Modal logic

Paul Gochet
Table of contents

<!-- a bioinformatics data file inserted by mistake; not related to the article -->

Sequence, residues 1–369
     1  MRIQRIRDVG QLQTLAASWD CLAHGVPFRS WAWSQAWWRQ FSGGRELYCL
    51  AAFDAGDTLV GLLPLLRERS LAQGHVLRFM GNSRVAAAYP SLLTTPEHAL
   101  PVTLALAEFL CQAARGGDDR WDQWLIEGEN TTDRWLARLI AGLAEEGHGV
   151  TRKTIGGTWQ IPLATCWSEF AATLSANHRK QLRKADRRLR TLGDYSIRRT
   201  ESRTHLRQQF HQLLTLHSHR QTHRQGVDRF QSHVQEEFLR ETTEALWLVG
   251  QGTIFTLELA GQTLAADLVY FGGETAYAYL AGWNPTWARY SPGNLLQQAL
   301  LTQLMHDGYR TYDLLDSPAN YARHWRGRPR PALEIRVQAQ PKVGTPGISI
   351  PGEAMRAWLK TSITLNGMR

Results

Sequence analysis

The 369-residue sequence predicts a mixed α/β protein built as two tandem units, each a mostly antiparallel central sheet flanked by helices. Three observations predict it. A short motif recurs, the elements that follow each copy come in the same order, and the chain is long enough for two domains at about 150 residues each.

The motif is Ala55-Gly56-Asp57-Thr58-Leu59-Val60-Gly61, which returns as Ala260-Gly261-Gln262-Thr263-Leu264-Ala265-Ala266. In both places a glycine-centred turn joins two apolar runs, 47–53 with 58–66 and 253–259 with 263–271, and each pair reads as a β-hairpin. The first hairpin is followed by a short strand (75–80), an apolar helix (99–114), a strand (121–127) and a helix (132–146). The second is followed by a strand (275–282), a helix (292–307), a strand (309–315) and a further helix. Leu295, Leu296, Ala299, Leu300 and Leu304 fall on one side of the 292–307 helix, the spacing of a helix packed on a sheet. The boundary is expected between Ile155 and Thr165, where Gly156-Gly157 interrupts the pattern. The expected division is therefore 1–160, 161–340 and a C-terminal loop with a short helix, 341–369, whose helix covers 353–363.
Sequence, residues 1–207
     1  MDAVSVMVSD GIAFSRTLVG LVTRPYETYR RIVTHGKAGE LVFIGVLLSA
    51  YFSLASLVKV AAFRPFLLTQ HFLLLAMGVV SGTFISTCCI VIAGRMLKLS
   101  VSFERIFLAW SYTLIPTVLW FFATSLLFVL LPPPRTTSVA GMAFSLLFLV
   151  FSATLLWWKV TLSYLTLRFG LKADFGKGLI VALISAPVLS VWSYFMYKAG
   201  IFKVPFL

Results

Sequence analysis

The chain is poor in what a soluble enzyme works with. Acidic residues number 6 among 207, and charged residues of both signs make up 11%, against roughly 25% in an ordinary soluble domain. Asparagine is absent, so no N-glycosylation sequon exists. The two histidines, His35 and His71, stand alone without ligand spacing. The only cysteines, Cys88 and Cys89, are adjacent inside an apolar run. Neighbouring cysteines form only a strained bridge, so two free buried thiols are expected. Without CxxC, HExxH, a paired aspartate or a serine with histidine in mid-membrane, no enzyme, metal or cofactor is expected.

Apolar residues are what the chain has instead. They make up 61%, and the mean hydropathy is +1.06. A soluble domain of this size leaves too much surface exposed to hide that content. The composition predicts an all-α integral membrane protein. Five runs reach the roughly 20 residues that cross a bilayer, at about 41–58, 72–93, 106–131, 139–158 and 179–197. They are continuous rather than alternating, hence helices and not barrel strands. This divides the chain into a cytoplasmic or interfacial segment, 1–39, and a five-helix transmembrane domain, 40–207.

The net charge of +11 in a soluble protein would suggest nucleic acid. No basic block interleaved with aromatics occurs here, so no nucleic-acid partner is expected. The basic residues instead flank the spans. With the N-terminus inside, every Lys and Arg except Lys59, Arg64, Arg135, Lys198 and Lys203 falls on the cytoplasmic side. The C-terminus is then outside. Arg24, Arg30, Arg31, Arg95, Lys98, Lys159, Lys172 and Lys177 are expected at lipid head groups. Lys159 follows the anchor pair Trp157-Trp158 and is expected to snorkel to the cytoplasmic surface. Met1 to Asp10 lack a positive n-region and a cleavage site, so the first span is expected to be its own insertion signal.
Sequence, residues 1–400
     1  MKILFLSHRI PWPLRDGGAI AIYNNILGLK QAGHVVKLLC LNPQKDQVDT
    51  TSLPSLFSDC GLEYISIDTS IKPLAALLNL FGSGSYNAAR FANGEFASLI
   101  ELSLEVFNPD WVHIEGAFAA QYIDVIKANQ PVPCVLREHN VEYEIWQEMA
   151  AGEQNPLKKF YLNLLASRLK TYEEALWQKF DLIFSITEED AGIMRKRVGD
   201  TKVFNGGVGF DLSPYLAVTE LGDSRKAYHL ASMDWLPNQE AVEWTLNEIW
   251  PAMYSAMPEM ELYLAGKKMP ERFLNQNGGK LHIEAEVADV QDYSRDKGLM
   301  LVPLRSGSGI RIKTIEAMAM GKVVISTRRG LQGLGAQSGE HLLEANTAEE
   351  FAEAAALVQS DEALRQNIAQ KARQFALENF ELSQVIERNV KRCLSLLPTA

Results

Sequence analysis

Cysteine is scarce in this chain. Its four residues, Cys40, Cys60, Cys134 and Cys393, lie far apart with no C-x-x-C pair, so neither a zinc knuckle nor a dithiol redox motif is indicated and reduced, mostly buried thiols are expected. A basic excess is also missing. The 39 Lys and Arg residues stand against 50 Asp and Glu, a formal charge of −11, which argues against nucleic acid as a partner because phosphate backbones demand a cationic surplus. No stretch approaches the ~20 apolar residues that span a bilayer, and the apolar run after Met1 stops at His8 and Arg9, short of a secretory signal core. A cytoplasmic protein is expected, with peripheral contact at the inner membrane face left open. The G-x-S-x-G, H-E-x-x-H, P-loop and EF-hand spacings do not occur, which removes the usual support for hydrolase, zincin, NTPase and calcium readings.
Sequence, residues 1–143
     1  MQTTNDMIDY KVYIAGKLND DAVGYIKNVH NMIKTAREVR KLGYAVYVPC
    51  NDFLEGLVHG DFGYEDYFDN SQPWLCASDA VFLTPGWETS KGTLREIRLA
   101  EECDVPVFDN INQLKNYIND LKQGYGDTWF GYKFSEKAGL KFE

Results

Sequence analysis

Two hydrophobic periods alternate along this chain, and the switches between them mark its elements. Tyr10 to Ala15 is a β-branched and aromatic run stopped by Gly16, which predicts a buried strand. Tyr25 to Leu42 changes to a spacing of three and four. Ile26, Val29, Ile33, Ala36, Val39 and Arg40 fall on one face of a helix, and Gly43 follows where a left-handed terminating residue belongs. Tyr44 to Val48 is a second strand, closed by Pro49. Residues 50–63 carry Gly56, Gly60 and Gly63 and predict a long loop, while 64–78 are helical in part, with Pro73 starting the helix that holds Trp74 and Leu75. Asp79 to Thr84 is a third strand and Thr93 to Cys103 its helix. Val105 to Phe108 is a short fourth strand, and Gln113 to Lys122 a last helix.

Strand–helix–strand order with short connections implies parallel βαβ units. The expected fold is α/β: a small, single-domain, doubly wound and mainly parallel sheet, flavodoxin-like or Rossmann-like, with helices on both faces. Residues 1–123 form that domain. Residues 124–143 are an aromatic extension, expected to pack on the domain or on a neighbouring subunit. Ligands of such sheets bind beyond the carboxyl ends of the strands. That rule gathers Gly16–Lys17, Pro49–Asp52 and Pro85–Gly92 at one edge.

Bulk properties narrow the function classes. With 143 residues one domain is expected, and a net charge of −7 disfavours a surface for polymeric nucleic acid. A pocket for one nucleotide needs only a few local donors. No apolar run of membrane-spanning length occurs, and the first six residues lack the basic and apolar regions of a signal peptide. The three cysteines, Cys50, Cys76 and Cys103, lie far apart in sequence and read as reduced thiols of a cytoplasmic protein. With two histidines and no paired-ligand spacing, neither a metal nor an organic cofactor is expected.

Standard elementary logic studies the deductive inferences which rest on two sets of logical constants: the connectives ‘not’, ‘and’, ‘either … or …’, ‘if … then …’ and the quantifiers ‘all’ and ‘some’. Modal logic extends the logical lexicon in order to account for the validity or non-validity of inferences which depends on the presence of modal terms such as ‘necessarily’ or ‘possibly’. With respect to arguments involving these terms, intuition cannot be trusted. Even the best logicians and philosophers fall prey to fallacies in this area. For instance, Etchemendy (1990: 87) discovered a hidden fallacious move in Tarski's account of logical consequence, where he went from a statement of the form ‘Necessarily if p and q, then not r’ to a statement of the form ‘if p then necessarily if q then not r’.

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